8 How to typecheck? Given the program: And Given the rules: int x; x := x+1; A program/expression is typesafe if we can construct a derivation tree to give a type for that program/expression. 1 : int 2 : int 3 : int E 1 : int E 2 : int E 1 + E 2 : int E 1 : int E 2 : int E 1 == E 2 : bool x : T E : T x := E; : Stmt (+) (==) E 1 : Bool S 1 : Stmt S 2 : Stmt if (E 1 ) {S 1 } else {S 2 } : Stmt (if) x : int x : int 1 : int (+) x+1 : int x:=x+1; : Stmt
9 How to typecheck? Given the program: int x; float y; if (x == 3) { y := x; } else { x := x+1; } A program/expression is typesafe if we can construct a derivation tree to give a type for that program/expression. Follow the rules! Try to build tree. Cannot build tree => Not type safe x : int 3 : int x==3 : Bool (==)??? And Given the rules: 1 : int 2 : int 3 : int E 1 : int E 2 : int E 1 + E 2 : int E 1 : int E 2 : int E 1 == E 2 : bool x : T E : T x := E; : Stmt E 1 : Bool if (x==3) {y:=x;} else {x:=x+1;} : Stmt (+) (==) S 1 : Stmt S 2 : Stmt if (E 1 ) {S 1 } else {S 2 } : Stmt x : int y:=x; : Stmt x:=x+1; : Stmt (if) (if) x : int 1 : int (+) x+1 : int
10 How to typecheck? Dynamic type checking Static type checking Strongly typed: we can detect all type errors statically (all f: S R type safe). ML: type declarations are not necessary if the interpretation is unambiguous.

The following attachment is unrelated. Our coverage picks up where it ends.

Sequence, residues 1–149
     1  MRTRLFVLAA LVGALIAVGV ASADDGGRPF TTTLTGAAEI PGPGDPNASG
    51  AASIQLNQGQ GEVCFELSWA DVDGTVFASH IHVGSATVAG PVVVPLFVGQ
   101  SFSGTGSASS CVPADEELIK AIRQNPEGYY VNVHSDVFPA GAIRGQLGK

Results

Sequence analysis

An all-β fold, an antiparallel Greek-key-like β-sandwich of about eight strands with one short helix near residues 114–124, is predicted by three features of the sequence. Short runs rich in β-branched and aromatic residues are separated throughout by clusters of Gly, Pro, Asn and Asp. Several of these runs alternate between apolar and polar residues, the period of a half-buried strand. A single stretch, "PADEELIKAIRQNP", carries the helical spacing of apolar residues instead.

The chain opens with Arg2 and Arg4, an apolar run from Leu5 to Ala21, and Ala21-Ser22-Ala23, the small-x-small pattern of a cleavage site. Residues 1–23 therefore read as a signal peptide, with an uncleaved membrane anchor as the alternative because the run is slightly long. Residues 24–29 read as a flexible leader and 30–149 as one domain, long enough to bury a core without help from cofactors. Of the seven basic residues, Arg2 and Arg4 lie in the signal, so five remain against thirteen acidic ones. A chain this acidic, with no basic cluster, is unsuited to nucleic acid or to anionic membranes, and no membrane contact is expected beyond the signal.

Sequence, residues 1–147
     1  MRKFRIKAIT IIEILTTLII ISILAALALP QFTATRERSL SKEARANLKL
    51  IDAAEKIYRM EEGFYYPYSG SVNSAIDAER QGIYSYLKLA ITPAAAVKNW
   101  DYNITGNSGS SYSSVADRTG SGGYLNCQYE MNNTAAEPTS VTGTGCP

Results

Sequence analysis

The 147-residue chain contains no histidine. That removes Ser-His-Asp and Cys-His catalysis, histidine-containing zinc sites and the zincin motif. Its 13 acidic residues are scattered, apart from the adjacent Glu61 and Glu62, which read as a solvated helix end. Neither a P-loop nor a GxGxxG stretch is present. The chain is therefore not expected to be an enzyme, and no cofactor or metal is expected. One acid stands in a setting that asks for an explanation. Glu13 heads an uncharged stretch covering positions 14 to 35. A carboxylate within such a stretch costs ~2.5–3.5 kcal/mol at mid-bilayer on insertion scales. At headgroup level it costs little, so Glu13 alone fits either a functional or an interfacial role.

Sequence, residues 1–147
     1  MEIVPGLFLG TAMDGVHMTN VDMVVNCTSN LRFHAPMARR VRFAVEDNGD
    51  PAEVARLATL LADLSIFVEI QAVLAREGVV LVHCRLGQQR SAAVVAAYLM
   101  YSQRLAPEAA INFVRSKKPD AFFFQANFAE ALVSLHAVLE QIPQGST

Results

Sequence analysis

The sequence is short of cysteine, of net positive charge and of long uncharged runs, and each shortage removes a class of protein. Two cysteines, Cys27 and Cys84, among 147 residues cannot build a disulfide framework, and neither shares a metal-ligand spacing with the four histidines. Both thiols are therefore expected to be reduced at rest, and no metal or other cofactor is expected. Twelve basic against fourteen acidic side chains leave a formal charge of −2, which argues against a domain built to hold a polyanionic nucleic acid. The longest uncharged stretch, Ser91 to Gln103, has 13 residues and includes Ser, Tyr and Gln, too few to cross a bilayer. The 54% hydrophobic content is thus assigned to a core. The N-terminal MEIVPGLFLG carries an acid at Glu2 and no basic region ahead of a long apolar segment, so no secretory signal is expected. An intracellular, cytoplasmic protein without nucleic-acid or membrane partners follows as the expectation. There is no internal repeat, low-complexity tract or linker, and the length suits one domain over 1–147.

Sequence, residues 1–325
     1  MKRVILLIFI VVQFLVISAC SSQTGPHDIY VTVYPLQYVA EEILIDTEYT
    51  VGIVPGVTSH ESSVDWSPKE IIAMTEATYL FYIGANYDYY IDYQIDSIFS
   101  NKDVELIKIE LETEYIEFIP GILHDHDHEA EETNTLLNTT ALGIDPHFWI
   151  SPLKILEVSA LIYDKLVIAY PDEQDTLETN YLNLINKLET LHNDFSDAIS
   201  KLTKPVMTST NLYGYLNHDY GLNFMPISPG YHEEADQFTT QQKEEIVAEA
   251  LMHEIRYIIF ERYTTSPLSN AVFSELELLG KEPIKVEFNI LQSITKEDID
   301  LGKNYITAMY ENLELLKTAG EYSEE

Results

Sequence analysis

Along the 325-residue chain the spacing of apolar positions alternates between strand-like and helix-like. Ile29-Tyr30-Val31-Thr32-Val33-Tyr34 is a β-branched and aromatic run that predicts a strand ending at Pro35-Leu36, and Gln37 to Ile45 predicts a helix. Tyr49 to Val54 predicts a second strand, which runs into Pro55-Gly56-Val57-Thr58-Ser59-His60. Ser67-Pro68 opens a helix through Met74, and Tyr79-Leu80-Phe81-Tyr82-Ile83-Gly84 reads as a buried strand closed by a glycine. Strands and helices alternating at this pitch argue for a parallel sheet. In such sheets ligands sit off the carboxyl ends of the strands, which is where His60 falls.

11 How to cater for Polymorphism Polymorphism = poly (many) + morph (form) Polymorphism is the ability of a data object to take on or assume many different forms (Polymorphic operations)
12 Polymorphism Coercion COERCION A coercion is a operation that converts the type of an expression to another type. It is done automatically by the language compiler. (If the programmer manually forces a type conversion, it s called casting) E : int E : float (IntFloat Coercion) int x; float y;... y := x;...
13 Polymorphism Coercion int x; float y; if (x == 3) { y := x; } else { x := x+1; } E : int E : float Example of the use of COERCION Add in new rule (IntFloat Coercion) 1 : int 2 : int 3 : int E 1 : int E 2 : int E 1 + E 2 : int E 1 : int E 2 : int E 1 == E 2 : bool x : T E : T x := E; : Stmt E 1 : Bool (+) (==) S 1 : Stmt S 2 : Stmt if (E 1 ) {S 1 } else {S 2 } : Stmt (if) x : int 3 : int x==3 : Bool (==) x : int x : int 1 : int (Coercion) (+) y : float x : float x : int x+1 : int y:=x; : Stmt x:=x+1; : Stmt if (x==3) {y:=x;} else {x:=x+1;} : Stmt (if)
14 Polymorphism Coercion Coercion Widening Widening coercion converts a value to a type that can include all of the values of the original type. Widening is safe most of the time. Narrowing Narrowing coercion converts a value to a type that cannot store (even approximations of) all of the values of the original type. Narrowing is unsafe. Information is lost during conversion of type. int float Theoretically speaking, int float int float